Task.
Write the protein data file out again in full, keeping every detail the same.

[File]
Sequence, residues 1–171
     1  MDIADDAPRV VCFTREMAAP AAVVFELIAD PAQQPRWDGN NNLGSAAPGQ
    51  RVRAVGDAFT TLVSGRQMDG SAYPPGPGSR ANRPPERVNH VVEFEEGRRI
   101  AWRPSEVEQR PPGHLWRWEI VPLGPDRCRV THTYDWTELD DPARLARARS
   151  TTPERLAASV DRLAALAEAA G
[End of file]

Sequence, residues 1–171
     1  MDIADDAPRV VCFTREMAAP AAVVFELIAD PAQQPRWDGN NNLGSAAPGQ
    51  RVRAVGDAFT TLVSGRQMDG SAYPPGPGSR ANRPPERVNH VVEFEEGRRI
   101  AWRPSEVEQR PPGHLWRWEI VPLGPDRCRV THTYDWTELD DPARLARARS
   151  TTPERLAASV DRLAALAEAA G